This concept is central to everything else in DBT, as it is at the core of treatment. Patients are taught the importance of bringing awareness into the moment. This aspect teaches how to focus, understand, and accept what is happening right now, at this exact moment, and how it affects the patient. By being able to consciously observe, understand, and relate what is happening at the moment to the patient, and how it affects what is inside of them, their feelings, thoughts, sensations, and impulses, the patient could then discern what the best course of action would be, and by “best course of action”, it would necessarily mean that the action will not harm them or others around them.

Mindfulness teaches people how to focus on the current situation, and not simply relate this to a painful experience. Focusing on the present also means not sifting through all the fearful and terrible things that might happen in the future due to the action. By dwelling on past painful experiences that might be related to the current situation, people only feed their anxieties and stress themselves to the point of indecision, confusion, and even panic. This goes the same for trying to overthink what a potential decision might result in moving forward. Considering if action is harmful is one thing, trying to figure out what repercussions it could have on a grand scale in the future is something else completely.

By being focused and grounded on what is currently happening, a patient is better able to recognize the impulsive behaviors and forceful emotions that often dictate their actions. Recognizing this allows them to consider better thoughts, decisions, and actions relevant to the situation.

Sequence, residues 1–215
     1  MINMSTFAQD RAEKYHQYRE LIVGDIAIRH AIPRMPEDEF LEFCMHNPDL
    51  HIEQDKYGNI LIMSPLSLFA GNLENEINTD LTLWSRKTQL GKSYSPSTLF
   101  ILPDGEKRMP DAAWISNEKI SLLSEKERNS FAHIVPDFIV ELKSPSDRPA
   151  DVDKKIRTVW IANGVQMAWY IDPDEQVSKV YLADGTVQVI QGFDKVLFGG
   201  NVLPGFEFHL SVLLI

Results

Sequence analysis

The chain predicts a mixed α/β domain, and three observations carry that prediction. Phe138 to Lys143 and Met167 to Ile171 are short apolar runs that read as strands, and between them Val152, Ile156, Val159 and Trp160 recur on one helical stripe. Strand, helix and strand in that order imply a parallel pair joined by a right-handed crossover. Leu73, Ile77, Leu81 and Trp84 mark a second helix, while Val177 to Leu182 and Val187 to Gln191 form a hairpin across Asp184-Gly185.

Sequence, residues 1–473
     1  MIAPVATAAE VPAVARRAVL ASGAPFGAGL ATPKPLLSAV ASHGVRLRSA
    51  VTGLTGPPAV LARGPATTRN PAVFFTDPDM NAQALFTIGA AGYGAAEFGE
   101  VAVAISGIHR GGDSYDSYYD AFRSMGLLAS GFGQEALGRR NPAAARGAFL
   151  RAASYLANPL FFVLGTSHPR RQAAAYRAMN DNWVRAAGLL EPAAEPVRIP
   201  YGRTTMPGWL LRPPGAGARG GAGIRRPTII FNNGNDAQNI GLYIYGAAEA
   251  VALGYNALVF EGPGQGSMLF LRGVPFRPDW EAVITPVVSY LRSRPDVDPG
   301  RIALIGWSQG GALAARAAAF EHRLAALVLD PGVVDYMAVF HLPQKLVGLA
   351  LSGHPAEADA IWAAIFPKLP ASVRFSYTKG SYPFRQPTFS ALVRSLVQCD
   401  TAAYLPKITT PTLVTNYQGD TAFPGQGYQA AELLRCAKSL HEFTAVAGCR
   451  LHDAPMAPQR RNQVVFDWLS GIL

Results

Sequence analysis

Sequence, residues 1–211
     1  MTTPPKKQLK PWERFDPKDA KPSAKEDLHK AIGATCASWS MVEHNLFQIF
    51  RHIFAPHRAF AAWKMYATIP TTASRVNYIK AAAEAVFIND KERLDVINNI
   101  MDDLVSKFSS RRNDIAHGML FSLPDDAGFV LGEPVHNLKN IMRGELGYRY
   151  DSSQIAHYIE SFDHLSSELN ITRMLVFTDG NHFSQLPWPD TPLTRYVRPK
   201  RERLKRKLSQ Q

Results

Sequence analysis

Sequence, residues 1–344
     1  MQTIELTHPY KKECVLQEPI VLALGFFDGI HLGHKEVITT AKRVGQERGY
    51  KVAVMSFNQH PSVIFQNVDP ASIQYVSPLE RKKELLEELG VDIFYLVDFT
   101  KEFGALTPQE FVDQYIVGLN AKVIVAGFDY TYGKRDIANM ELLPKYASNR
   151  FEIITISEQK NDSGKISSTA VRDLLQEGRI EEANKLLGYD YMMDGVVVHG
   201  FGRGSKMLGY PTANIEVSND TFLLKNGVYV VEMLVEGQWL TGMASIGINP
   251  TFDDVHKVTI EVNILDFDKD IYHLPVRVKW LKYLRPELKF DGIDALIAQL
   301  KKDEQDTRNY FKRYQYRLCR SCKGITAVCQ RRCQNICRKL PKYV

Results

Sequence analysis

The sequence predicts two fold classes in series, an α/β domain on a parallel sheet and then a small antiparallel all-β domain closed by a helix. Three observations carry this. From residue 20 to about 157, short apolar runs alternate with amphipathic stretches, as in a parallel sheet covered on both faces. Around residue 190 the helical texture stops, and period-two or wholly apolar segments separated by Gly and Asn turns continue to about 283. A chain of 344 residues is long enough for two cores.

Mental and behavioral issues often result in challenges in relationships, mostly due to the inability to communicate properly and appropriately. Nothing demonstrates this more than the behavior of people who have a substance abuse disorder. Certain substances could seriously affect a person’s ability to communicate properly, such as the slurred speech pattern resulting from too much alcohol, or the incoherent ramblings of someone high from drugs.

Interpersonal effectiveness also extends into how a person behaves around other people. Certain substances can induce irritability, belligerence, indifference, or a great desire for isolation in the people who take them. These behaviors are, of course, not things that would work well if a person desires to be socially acceptable. Interpersonal effectiveness dictates that a person should observe and recognize if their behavior is something that would push people away from them, and if so, what could they do to improve the situation.

People necessarily have different opinions and ways of accepting things. While the difference is typically acceptable and normal, there are also certain responses that others find to be offensive and unacceptable. This is particularly true with certain emotional responses that come off as negative or intense.

Managing one’s emotions, even for people who don’t have a substance abuse disorder, could be quite challenging. Anyone who has ever been in anger management will attest to this, which is why this is an important aspect of DBT. It has been said time and again, but it remains true: a person must learn to control their emotions, and not let their emotions control them. On top of this, substance abuse could exacerbate a person’s negative emotional response. DBT seeks to correct this right from the root, by preventing negative or unwanted emotions from escalating in the first place. This discipline takes time because emotions are extremely powerful drivers of human thought and action, but it is an essential component of treatment.